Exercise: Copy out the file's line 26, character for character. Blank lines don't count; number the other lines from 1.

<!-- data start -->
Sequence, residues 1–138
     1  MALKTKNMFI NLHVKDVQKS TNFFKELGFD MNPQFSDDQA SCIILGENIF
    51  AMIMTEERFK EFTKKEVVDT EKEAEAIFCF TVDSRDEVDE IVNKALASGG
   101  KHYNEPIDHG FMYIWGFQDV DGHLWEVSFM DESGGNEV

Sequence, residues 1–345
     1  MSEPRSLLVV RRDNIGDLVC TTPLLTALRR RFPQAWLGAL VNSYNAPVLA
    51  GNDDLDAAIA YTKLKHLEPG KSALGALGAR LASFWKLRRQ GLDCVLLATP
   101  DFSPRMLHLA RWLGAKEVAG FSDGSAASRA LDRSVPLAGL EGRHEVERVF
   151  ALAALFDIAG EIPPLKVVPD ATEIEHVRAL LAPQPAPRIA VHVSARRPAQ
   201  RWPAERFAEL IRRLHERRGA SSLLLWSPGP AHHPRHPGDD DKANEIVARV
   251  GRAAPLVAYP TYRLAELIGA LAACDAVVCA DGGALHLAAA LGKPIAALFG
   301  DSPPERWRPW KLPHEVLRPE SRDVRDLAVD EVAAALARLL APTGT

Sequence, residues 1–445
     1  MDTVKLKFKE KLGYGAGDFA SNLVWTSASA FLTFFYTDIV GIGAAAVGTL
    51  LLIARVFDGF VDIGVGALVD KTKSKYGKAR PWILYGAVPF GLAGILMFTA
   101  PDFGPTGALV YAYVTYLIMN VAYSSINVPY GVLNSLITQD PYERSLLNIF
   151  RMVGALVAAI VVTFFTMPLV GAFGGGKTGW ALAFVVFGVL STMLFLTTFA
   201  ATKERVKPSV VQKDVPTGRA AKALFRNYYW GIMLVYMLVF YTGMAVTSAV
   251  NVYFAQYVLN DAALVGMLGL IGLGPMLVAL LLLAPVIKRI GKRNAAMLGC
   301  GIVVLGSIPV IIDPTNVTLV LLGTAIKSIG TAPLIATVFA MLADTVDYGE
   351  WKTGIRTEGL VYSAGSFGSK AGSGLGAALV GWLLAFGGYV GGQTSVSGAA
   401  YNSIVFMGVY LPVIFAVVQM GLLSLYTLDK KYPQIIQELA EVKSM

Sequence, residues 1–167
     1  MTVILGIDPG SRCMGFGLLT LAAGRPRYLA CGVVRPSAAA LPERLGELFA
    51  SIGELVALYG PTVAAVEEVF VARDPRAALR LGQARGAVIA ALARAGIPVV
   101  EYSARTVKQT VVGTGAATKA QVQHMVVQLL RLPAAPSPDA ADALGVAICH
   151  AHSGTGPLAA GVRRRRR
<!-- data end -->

   101  EYSARTVKQT VVGTGAATKA QVQHMVVQLL RLPAAPSPDA ADALGVAICH